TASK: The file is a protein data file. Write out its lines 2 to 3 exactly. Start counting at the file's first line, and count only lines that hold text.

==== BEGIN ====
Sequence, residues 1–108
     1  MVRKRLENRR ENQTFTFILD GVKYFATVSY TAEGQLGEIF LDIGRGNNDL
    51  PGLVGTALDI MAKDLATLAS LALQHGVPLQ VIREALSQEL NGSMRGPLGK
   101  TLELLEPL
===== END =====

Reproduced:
     1  MVRKRLENRR ENQTFTFILD GVKYFATVSY TAEGQLGEIF LDIGRGNNDL
    51  PGLVGTALDI MAKDLATLAS LALQHGVPLQ VIREALSQEL NGSMRGPLGK